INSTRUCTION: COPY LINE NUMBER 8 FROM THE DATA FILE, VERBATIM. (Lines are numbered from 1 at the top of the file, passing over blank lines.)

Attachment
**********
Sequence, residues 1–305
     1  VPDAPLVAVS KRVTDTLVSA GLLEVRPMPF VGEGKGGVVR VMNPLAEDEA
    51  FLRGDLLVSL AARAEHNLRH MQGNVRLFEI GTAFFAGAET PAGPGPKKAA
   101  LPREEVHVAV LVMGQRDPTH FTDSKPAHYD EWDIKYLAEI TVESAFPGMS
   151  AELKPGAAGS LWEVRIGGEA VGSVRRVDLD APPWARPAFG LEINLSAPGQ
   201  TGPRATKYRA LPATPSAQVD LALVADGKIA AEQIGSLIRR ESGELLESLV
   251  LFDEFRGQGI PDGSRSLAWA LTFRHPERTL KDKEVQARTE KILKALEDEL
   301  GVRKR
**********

   301  GVRKR